School union in Liberty defends health plan
By Robert Guttersohn
School-union representatives attended the fiscal commission meeting Wednesday and defended their self-insured health-care plan.
In past meetings, the fiscal commission has identified the district’s health-care plan, in which the district builds up a reserve and pays claims from the reserve, as a place the district can save money by possibly bidding out coverage to third-party insurance companies.
In the past Roger Nehls, the chairman of the commission who was absent Wednesday for personal reasons, said the district pays 49 percent of an employee’s salary in benefits compared with 36 percent in the rest of Ohio.
But Rick Svetlek, vice president of classified employees in the Liberty Association of School Employees and a health-care committee member, said the union had already negotiated about $500,000 in savings last year.
Classified workers are custodians, technicians and bus drivers.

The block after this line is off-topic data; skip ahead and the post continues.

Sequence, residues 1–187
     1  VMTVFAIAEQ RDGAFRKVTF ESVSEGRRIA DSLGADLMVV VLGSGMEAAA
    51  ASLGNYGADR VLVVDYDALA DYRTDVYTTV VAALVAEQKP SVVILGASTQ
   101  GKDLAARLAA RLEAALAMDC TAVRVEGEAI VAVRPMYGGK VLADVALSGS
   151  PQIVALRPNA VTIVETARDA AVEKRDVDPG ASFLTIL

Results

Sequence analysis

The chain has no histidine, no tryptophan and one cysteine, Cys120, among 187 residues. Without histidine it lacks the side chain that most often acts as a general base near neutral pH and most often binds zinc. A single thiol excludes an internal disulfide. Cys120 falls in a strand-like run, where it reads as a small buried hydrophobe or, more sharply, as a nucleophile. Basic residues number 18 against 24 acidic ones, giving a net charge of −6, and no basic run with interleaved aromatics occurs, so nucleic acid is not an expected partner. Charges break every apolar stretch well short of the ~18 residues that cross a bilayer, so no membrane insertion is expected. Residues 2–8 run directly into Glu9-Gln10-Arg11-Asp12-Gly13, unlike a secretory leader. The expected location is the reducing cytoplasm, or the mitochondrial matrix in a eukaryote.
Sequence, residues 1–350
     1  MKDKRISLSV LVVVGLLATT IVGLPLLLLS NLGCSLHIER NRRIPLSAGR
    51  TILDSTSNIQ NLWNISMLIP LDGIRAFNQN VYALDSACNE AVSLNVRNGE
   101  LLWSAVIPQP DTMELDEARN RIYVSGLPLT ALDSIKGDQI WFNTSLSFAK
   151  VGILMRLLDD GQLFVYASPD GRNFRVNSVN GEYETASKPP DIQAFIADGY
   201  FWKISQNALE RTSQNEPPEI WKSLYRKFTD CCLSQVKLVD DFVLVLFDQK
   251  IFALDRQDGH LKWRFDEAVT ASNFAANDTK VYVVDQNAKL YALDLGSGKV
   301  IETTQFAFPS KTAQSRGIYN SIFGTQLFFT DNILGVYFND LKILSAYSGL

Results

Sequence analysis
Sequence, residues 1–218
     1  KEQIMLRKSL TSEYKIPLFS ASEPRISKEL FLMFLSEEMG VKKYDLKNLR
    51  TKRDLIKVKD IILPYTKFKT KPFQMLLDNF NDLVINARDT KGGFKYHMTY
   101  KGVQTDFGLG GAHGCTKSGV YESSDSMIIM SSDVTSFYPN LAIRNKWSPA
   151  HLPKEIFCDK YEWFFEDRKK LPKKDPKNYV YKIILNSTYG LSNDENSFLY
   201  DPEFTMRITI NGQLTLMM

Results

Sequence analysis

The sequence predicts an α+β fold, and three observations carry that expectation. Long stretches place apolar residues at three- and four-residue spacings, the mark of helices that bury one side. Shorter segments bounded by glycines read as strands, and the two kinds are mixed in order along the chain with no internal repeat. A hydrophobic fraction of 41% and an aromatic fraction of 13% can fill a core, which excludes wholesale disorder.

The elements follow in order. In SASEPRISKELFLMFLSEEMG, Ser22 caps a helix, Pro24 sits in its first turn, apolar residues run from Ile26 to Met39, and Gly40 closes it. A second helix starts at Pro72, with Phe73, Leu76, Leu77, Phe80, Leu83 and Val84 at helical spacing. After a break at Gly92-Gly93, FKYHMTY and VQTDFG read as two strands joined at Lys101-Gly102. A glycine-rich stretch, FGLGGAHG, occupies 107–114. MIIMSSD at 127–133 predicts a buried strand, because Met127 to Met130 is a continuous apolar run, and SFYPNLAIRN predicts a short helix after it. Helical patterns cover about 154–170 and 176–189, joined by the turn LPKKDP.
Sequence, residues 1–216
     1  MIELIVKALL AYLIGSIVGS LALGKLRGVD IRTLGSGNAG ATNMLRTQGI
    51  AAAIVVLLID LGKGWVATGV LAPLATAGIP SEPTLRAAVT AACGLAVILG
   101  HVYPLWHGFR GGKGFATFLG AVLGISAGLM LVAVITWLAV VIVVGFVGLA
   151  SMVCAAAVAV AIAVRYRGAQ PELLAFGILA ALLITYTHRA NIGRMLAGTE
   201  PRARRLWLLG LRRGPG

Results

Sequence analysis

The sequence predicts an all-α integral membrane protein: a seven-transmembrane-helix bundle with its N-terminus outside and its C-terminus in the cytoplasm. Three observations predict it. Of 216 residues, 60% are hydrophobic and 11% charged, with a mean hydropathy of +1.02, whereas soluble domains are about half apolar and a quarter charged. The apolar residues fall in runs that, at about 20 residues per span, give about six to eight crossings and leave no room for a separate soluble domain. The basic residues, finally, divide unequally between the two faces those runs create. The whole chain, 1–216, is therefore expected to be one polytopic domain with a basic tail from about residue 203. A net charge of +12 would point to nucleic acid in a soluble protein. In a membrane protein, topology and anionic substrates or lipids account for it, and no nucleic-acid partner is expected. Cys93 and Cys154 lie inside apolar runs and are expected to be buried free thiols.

The union always has been willing to negotiate in good faith with the board of education, Svetlek said to the commission.
He said since 2009, the health-care committee’s five members have worked with the board and a third-party consulting group at the beginning of each year before selecting the benefits package in April.
He said the committee will return to negotiations in January.
“We just want people to know we are working with the board of education to keep the costs low,” Svetlek said.
Also at the meeting, schools Superintendent Stan Watson laid out the district’s special- education funding.
Roger Hardin, temporary chairman of the fiscal commission, said the federal government mandates special education but only provides 40 percent of the funding.
Although he said the district values special education, Watson said some of the district’s cash-flow issues stem from Liberty’s requirement to educate students housed in Belmont Pines and New Beginnings, two township facilities that house children with behavioral issues. “When they are placed in that facility, we are the district of service,” Watson said.
He said the district does receive payment from the last-known district of residence in which the special-education student lived “but it could be a year or two years” before that money comes to Liberty.